TOKYO (Reuters) – Nissan Motor Cos shares dropped more than 6 percent on Tuesday as President Carlos Ghosns arrested one day earlier sent shock waves through business and doubtfully threw the future of Japan's No.2 automaker and its global alliance.
Nissan said Monday an internal investigation triggered by a tip-off from a whistleblower had revealed that Ghosn was engaged in offense, including personal use of the company's money and under-reporting this year how much he earned. He was arrested and would be kicked out of Nissan's board this week, said it.
Ghosn is also the leader and CEO of Nissan's French partner, Renault, and head of Japan's Mitsubishi Motors Corp., the third partner in the alliance.
Ousting Ghosn will ask questions about an alliance that he personally shaped and promised to consolidate in a deeper context before finally withdrawing from his operational leadership.
It also focuses on the future of Nissan ̵
Ghosn's alleged inaccuracies also lead to governance issues in the alliance where the three parties' rule all is led by a single leader.
Talked to a news conference on Monday evening, Nissan's CEO Hiroto Saikawa admitted that too much power had been concentrated on Ghosn and that the implications of his management of both Renault and Nissan had been without doubt since 2005.
Prosecutors said in a statement that Ghosn and Representative Director Greg Kelly conspired to undermine Ghana's five-year compensation that began in finance 2010 as being about half of the actual $ 9.998 billion ($ 88.9 million).
Ghosn joined Nissan in 1999 and became CEO in 2001. He was in that post last year and had received 9.2 million euros ($ 10.53 million) in salary for the past year as CEO.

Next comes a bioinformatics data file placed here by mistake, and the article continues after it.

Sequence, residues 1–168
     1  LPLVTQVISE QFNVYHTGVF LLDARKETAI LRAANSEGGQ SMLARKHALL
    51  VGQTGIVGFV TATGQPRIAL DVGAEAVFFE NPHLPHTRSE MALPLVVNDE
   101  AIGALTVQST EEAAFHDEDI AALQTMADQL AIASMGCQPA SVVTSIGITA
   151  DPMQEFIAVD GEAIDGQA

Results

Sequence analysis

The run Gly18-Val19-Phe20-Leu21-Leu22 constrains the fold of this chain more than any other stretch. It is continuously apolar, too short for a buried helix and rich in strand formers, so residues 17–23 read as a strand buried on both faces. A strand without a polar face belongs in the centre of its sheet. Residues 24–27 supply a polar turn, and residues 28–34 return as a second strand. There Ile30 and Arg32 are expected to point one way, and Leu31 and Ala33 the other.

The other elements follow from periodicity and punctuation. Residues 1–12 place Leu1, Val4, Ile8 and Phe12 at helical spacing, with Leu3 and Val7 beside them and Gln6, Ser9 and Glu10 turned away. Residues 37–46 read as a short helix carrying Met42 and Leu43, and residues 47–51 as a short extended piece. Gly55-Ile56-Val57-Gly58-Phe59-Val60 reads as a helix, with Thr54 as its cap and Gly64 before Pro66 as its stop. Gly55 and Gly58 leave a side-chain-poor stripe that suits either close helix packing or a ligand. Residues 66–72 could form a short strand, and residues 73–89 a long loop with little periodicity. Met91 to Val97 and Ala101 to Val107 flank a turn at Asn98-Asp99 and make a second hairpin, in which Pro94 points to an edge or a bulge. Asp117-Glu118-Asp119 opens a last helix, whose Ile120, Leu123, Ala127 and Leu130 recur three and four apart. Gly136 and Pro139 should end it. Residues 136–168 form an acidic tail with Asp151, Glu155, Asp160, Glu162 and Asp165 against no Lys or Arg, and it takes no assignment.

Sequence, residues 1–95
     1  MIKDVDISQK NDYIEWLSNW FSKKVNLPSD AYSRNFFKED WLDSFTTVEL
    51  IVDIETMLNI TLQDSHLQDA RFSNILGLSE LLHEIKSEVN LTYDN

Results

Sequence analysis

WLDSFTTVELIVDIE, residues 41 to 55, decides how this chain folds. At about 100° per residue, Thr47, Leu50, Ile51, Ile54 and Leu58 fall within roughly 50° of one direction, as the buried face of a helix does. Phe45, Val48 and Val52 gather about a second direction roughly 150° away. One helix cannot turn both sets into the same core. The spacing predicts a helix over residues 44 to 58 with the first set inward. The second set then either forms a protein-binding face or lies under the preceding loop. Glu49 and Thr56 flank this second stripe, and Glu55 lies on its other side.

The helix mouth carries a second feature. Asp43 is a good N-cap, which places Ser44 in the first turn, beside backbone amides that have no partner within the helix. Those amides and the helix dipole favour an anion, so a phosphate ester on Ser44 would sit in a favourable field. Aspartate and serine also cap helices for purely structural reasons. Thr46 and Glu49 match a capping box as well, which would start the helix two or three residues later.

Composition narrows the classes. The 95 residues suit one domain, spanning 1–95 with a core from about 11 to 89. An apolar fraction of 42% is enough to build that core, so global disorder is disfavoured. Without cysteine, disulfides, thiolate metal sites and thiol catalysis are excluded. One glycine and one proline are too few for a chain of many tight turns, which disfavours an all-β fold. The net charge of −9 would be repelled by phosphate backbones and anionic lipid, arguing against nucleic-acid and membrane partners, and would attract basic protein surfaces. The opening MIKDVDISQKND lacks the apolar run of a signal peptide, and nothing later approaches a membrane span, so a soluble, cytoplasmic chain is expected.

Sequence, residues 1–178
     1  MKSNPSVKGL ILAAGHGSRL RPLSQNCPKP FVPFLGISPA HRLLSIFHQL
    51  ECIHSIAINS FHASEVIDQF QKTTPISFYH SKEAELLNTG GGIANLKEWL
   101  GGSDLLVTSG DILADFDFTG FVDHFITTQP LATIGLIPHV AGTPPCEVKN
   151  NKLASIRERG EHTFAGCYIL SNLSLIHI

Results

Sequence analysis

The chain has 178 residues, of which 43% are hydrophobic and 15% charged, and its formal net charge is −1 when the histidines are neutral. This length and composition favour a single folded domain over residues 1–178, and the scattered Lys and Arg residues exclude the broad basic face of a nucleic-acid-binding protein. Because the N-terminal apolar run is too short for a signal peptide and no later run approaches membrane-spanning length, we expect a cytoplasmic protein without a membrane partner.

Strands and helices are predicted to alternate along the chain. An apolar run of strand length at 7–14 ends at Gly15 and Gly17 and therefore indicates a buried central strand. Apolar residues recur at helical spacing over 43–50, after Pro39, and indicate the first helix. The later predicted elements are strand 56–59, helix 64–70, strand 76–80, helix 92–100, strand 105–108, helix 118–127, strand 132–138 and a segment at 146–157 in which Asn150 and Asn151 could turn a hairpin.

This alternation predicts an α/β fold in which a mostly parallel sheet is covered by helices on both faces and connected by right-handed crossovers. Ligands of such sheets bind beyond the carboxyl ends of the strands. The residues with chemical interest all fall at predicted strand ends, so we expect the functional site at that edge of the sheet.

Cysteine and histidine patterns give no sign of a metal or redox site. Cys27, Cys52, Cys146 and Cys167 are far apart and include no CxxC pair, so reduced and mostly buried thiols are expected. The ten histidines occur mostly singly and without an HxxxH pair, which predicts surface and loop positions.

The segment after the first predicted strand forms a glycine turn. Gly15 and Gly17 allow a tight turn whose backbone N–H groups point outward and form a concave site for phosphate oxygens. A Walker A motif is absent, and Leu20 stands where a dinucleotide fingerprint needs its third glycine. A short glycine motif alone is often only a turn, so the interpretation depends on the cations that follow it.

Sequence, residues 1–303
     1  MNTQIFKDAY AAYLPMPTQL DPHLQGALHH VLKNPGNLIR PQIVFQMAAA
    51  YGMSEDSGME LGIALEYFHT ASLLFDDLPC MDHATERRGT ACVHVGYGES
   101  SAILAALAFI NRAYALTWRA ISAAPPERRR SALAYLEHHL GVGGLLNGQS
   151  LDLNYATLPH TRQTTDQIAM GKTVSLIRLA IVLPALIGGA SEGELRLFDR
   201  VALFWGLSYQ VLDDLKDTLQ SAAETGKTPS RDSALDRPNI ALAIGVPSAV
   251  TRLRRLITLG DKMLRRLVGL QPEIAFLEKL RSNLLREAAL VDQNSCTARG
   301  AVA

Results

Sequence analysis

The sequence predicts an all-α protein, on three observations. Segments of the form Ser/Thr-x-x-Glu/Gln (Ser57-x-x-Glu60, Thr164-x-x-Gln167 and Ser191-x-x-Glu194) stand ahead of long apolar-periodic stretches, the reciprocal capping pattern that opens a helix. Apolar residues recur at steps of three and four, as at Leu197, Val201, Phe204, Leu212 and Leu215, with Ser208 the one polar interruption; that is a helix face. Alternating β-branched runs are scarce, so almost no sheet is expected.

"By underreporting his corporate salary, he basically deprived Nissan shareholders of the opportunity to judge whether the amount of his salary was appropriate," Toru Ibayashi, Managing Director of Wealth Management at UBS Securities Japan, said about Nissans claims.
Japanese public broadcasting NHK reported that Nissan paid billions of yen for the purchase and renovation of homes for Ghosn in Rio de Janeiro, Beirut, Paris and Amsterdam, referring to unlisted sources.
The properties had no business purpose and were not listed as the benefits of filing to the Tokyo Stock Exchange, NHK said. CEO Saikawa concluded Monday to discuss details about Ghosn's personal use of the company's money.
Nissan spent 2 billion yen at home for Ghosn in Rio and Beirut via a Dutch subsidiary, with Kelly monitoring the transaction, reported the Nikkei newspaper, quoting unnamed sources.
There have been no comments from Ghosn or Kelly about the allegations, and Reuters could not contact them for comment.
In a sign of wider political downturn, Hitoshi Kawaguchi, Nissan's senior vice president of government relations, met with Japan's supreme government spokesman Tuesday, told the media that he had requested good relations between Japan and France, maintained.
The Asahi newspaper cited unnamed sources saying that a company worker gave prosecutors information about Ghosn in return for easier treatment, the second instance of a case in Japan – a system introduced in June.
Nissan shares fell to a two-year low of 940 yen and later traded down 5 percent to 955 yen.
Shares of Mitsubishi, who also said on Monday, would remove Ghosn as its chairman , increased by about 6 percent. Renault shares lost 8.4 percent on Monday.
Ghosn's fall is unlikely to lead to a sharp drop in car sales and downsizing the Nissan shares, "said Fujio Ando, adviser to Chibagin Securities.
"The fact that the case was discovered because of a whistleblower is also positive at all when it comes to corporate governance. If this had been revealed by outsiders, it would be another story, he said.
Reporting by Chang-Ran Kim and Sam Nussey; Further Reporting by Hideyuki Sano, Ayai Tomisawa and William Mallard; Editing Stephen Coates and Muralikumar Anantharaman